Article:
Completion of this assignment provides evidence that students have an awareness of award-winning books being published for teens, how to critically evaluate these titles, how teens receive these titles, and the ability to assist caregivers or parents with readers' advisory. CLOs  1, 3, 56 / COMPS F, J, M

Assignment #6 - If You Build it, They Will Read! Mini Young Adult Library Collection/Readers' Advisory Tool
Students will create a mini-library collection blog of 30 diverse genres and formats and may apply materials from other assignments to the final total as indicated in Assignments 3 - 5. Students will select only materials they have not previously read or viewed; thank you in advance for adhering to this requirement. Materials will include books, movies, audiobooks, music, and other materials that are currently available for a library to purchase within a specified publication date range. The only exception here is the inclusion of streaming series or movies; more on this in our course. Each material's entry will include bibliographic information, a student critique, author information, a creative use for a library program, and a speed-round book talk, among other specific entry requirements outlined in our course as well as details concerning the landing page, navigation requirements, and thematic expectations. This final project is not intended as a journal assignment; written entries should use a moderate academic approach that will appeal to peers, colleagues, parents or caregivers, and teens. The blog content should have a professional appearance and should include creativity in color, theme, and images. It will contain user-friendly site navigation, and APA-formatted references are required either within each entry or on a separate reference page. Additionally, and very importantly, each blog must contain a title, author, genre, and format index/tab.

Completion of this assignment provides evidence that students have explored and understand the wide range of genres and formats of young adult materials available and are able to assess each item as well as assist parents or caregivers with readers' advisory. Students will also show the ability to connect young adult materials to library programming and prepare for potential challenges and censorship attempts. CLOs 1, 23456 / COMPS F, M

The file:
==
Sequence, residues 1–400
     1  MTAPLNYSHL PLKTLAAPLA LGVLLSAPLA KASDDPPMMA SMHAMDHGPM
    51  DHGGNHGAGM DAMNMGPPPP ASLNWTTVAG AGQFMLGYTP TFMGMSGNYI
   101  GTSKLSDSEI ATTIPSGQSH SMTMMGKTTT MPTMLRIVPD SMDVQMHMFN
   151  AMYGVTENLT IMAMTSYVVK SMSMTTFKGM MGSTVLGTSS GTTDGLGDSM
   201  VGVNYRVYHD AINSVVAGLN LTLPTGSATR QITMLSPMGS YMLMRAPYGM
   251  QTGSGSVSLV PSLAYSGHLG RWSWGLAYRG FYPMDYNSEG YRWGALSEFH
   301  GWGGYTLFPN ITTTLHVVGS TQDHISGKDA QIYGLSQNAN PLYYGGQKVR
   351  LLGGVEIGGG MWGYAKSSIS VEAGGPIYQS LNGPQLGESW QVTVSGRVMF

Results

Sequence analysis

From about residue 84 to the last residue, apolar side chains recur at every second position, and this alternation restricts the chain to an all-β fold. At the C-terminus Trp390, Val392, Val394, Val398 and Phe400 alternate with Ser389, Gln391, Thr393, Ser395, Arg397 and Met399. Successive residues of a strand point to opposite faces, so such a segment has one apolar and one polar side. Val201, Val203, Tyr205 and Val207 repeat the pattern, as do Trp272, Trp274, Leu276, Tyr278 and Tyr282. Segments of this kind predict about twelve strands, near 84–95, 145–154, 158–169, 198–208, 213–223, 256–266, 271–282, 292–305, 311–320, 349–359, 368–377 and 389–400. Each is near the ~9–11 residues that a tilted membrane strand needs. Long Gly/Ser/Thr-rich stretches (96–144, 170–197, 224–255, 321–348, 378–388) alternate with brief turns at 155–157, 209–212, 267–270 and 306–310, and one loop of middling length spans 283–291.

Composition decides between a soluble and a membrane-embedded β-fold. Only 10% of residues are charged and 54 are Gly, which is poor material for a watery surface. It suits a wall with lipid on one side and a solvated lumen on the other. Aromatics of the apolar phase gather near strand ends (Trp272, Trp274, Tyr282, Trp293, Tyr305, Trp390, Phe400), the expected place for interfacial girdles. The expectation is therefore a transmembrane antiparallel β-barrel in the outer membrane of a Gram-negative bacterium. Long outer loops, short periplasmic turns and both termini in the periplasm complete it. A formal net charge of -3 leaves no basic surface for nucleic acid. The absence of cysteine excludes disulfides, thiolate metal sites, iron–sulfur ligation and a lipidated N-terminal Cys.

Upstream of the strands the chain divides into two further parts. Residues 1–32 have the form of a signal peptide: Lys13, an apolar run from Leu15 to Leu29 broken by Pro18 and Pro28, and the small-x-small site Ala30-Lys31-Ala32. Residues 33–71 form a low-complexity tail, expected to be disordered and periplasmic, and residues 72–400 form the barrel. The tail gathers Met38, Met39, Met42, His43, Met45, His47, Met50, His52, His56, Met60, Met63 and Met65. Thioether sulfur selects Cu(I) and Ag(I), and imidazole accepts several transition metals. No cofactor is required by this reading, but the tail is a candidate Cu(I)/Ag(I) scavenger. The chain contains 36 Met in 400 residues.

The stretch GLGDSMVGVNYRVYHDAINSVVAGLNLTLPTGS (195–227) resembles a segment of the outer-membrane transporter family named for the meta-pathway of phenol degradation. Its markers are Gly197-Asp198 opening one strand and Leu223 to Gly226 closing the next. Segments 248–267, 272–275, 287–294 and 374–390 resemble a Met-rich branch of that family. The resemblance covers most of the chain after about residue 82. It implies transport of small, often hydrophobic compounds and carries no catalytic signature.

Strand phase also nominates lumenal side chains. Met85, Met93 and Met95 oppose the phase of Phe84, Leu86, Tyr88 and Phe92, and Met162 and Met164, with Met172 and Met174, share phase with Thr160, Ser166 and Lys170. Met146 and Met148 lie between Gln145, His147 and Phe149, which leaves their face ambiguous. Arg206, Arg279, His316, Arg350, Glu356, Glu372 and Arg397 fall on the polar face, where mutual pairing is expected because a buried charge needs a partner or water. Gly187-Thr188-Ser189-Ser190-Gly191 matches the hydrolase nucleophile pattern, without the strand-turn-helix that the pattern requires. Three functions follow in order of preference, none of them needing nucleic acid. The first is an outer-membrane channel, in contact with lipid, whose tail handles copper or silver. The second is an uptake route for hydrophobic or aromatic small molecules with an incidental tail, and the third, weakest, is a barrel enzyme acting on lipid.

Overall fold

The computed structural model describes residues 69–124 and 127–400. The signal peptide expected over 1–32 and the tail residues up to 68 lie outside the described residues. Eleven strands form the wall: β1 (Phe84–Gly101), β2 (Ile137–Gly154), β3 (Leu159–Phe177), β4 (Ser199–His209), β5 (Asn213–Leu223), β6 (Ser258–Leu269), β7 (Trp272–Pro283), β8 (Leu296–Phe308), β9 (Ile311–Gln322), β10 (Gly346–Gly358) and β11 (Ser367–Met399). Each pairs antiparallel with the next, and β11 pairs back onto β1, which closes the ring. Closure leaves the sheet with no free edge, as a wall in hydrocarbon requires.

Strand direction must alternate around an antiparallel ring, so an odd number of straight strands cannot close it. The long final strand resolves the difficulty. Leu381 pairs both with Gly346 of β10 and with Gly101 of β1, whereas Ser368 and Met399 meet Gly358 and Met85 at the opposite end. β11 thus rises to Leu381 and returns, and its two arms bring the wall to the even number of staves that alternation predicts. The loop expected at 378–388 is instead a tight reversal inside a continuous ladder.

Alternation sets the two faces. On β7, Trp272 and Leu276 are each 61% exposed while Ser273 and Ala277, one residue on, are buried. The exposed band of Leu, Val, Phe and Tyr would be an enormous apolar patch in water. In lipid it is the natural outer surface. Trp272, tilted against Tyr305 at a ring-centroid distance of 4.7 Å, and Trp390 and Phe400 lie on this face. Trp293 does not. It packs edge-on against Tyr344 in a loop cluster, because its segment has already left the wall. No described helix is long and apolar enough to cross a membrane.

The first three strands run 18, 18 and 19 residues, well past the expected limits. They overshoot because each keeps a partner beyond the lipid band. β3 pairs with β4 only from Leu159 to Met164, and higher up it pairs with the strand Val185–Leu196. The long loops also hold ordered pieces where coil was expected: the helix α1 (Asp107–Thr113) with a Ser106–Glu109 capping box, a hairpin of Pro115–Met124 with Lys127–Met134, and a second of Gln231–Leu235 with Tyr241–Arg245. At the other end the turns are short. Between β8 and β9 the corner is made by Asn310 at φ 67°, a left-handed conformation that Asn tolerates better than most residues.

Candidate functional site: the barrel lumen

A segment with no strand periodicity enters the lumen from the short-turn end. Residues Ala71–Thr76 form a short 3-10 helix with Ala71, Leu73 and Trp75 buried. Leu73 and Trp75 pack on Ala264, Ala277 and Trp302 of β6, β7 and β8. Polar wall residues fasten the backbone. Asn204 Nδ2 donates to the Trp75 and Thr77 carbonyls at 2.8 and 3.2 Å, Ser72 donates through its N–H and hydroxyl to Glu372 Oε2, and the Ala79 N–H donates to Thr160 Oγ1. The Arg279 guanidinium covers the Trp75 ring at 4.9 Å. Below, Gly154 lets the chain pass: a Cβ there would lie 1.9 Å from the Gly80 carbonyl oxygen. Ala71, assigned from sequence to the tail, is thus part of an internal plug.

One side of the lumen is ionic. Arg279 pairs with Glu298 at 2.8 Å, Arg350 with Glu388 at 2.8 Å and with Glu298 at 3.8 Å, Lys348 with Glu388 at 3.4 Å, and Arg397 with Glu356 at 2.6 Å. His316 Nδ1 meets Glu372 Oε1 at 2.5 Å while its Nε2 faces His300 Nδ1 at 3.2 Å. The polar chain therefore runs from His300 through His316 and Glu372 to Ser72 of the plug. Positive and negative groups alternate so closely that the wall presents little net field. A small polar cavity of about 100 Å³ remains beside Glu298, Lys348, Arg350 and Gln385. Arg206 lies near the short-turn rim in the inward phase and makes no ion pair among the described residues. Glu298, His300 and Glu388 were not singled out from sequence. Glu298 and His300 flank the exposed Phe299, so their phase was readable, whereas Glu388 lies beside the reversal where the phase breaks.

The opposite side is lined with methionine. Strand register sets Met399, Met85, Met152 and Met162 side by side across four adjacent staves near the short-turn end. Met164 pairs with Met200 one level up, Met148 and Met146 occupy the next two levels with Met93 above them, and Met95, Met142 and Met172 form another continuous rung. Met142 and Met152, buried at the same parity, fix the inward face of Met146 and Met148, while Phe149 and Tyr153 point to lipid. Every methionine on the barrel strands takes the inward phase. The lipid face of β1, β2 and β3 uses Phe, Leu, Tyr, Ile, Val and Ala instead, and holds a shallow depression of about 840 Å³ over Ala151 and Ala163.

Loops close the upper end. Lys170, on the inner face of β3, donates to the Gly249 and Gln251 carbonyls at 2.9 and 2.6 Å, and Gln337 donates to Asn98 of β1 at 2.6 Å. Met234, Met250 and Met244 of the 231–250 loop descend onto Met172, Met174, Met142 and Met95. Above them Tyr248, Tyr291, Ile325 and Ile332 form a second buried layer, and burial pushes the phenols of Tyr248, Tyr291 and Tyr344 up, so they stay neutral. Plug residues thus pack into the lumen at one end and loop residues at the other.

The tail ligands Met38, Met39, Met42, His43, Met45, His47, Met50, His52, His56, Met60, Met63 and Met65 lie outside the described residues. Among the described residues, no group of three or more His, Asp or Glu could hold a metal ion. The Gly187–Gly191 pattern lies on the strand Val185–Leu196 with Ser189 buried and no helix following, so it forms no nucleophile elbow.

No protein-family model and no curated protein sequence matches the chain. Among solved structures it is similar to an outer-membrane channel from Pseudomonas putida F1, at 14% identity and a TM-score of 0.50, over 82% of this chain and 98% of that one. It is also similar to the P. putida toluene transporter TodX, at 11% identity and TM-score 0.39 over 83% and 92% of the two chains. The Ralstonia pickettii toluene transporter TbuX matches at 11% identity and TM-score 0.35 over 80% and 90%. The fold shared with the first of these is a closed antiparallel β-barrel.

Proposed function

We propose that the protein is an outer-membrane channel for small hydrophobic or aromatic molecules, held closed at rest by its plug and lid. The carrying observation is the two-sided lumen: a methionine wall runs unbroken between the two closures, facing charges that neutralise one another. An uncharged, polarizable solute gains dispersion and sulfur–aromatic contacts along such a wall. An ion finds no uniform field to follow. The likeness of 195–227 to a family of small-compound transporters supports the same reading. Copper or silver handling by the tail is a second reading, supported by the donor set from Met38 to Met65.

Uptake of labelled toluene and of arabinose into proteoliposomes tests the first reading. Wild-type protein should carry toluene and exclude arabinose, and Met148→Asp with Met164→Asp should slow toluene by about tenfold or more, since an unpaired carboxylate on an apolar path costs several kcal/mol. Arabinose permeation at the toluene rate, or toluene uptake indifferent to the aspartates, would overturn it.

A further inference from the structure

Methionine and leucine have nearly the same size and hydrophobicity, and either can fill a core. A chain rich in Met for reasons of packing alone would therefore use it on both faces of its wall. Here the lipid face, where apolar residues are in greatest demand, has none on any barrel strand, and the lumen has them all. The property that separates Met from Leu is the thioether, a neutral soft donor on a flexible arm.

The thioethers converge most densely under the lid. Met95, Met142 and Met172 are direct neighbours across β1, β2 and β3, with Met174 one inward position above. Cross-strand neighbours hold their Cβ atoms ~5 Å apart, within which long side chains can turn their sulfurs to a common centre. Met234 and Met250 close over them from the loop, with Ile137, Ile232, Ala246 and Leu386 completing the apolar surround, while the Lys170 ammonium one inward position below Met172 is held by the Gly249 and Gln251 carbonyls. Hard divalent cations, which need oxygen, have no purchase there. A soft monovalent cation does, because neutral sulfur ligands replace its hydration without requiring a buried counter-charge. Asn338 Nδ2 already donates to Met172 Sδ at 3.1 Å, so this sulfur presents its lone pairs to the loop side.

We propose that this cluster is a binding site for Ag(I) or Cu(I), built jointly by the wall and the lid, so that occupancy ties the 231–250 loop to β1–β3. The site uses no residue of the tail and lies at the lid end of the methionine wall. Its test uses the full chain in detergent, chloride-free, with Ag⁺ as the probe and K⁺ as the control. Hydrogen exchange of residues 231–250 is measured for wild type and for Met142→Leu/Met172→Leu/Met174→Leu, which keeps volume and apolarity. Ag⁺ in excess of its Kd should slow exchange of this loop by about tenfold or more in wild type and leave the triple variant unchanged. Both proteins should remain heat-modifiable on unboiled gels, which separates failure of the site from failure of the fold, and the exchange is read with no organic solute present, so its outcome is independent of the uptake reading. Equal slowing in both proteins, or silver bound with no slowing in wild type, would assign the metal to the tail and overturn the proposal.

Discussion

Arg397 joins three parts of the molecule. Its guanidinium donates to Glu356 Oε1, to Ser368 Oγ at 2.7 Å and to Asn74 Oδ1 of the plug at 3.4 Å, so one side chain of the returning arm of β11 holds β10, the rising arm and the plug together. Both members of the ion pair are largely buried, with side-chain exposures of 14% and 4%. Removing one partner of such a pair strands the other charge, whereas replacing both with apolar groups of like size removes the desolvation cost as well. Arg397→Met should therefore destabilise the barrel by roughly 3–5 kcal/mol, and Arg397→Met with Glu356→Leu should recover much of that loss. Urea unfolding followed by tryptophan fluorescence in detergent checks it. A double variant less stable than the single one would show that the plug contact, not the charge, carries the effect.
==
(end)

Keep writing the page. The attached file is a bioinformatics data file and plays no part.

Writing Standards

Written assignments must be in APA formatting (The Publication Manual of the American Psychological Association, 7th Ed.). Sample APA-formatted assignments and exemplars will be available in our course.

All assignments should be carefully proofread (consider reading your work aloud; you'll be surprised by how much more you catch!), are the sole product of the student, include properly cited images and ideas and are listed on the reference page, meet APA standards, and are within the page limit established by the instructor.

Extra Credit

There is no extra credit available in this course, though occasional additional points may be awarded for exceptional work.

Late Work Policy / Other Course Guidelines

Please be sure to back up your work as a preventative measure and retain copies of all assignments until the end of the semester.

Assignment due dates are easily viewed in this syllabus and in Canvas. Assignments submitted past the 11:59 PM. deadline on the date due will be reduced by 5% per day. Late discussion posts are not accepted as this would adversely impact your classmates’ performance. Contact me right away by text if a family emergency or medical situation arises to make appropriate arrangements concerning assignment due dates. Communication is key!

As mentioned, initial discussion posts are due on Tuesdays, and unit assignments and discussion post responses are due by 11:59 PM Pacific each Friday unless noted otherwise, so be sure to plan your week accordingly.